Loew's Oriental Theatre

1832 86th Street,
Brooklyn, NY 11214

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Showing 76 - 100 of 246 comments

Ed Solero
Ed Solero on November 8, 2006 at 3:48 pm

I write this comment openly to Patrick and/or Ross and would like to know why it is that Warren continues to get away with wantonly aggravating other members on this site with no apparent provocation? Perhaps he has been privately admonished, but I see no contrition or abatement on his part. It may be Warren has been careful not to cross any “obvious” lines and becoming vulgar or explicit – but aren’t some of his comments of late even in the slightest bit reprehensible? Go check out his comments on the Beacon Theater page (CT #42) from November 6th towards Lost Memory and mikemovies and tell me I’m wrong.

As great as so many of his contributions over the years have been to this site, I am hard pressed to think of another individual member who has been the cause of more personal rancor on this site or wasted more bandwidth by belligerently haranguing folks over the nature of their contributions and comments.

I am getting pretty fed up with it.

mikemorano on November 8, 2006 at 11:36 am

I don’t understand how that comment got messed up. Perhaps ‘Warren" caused it. haha

Warren G. Harris
Warren G. Harris on November 8, 2006 at 10:52 am

Yes, “Lost Memory” is so sharing. But I would call it a “hot” photo, since it is plainly marked as being under copyright to a Brooklyn agency. If “Lost Memory” had obtained it honestly by paying for its use, the markings would have been removed.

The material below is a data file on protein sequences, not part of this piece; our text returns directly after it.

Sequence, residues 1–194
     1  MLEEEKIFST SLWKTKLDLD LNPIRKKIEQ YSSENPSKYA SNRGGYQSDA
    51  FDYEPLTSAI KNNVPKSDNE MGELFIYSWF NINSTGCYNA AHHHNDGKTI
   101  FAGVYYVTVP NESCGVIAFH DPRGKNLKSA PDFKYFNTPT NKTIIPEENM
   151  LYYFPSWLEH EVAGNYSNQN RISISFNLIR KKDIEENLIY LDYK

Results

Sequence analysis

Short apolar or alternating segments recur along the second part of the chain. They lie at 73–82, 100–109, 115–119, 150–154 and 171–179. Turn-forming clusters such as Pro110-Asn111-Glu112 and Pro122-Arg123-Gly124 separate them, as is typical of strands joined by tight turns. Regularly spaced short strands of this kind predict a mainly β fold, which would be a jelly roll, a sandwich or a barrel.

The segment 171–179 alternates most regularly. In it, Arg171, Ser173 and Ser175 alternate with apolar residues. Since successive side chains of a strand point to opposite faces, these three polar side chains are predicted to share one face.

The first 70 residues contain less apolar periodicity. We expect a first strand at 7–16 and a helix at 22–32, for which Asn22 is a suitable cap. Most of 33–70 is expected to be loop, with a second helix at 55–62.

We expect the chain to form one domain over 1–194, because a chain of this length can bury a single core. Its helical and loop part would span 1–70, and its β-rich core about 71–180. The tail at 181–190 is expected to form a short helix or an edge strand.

mikemorano on November 8, 2006 at 9:03 am

Very cool photo. Thanx for sharing and not being selfish like another fella here.

Warren G. Harris
Warren G. Harris on November 8, 2006 at 5:25 am

Yet another recent view of the exterior can be seen at the very end of the new two-part article about Dyker and Bath Beaches, Brooklyn, at www.forgotten-ny.com

Theatrefan on July 11, 2006 at 8:57 am

Originally the theatre was made into a twin in the mid 70’s by splitting the orchestra and balcony sections.

Later in the early 80’s the balcony was split into two thus creating a triplex theatre. Two theatres above and a single theatre underneath.

YMike on July 11, 2006 at 8:02 am

The balcony was split into 2 theaters. The orchestra was untouched.

Bway on July 10, 2006 at 6:29 am

How was it cut up when they multiplexed it, two or three theaters in the old balcony?

RobertR on July 10, 2006 at 6:08 am

So some enterprising person could do something with the balcony theatres?

frankie on July 10, 2006 at 5:22 am

The last movie to play here was “A Pyromaniac’s Love Story.” A long way from “Moonstruck”, which I saw there one cold winter’s night !

YMike on June 19, 2006 at 1:49 am

It’s a Marshalls Dept. Store although only the first floor is being used.

ShortyC on June 19, 2006 at 1:36 am

What is currently happening to the theatre, what is there now?

Bway on June 8, 2006 at 4:28 am

Here’s an aerial view of the massive Oriental Theater building:

View link

verranth1 on June 1, 2006 at 4:11 am

My mother lived on 19th Street between Cropsey and Bay Shore. She went to Lafeyette High School and was very pretty.

Her name was Vivian Gelardi.

She always told a story about this theatre.

One day, in 1959, “Pillow Talk” opened there. My mother went to a Saturday Matinee and loved it so much she stayed till the midnight show.

Now, my mother had told her mother where she was going but when she failed to show up for dinner, my Grandfather beagn to panic.

Within minutes, it seemed, the whole block knew my mother had been “kidnapped” and was out looking for her.

When my mother returned home and explained she had been in the movies all day, literally, 5 minutes from her house, my grandfather took off his shoe and started hitting her with it in the middle of the street.

I only went there once or twice but I loved the feeling of it which never exsisted in the more modern theatres of Central New Jersey, where I was raised.

CelluloidHero2 on May 4, 2006 at 6:42 am

DOn’t forget about the WALKER and further down 18th Ave.(Near MacDonald Ave. under the L) the CULVER.

YMike on March 20, 2006 at 5:21 am

You can add the Marboro to that list.

Theaterat on March 20, 2006 at 5:13 am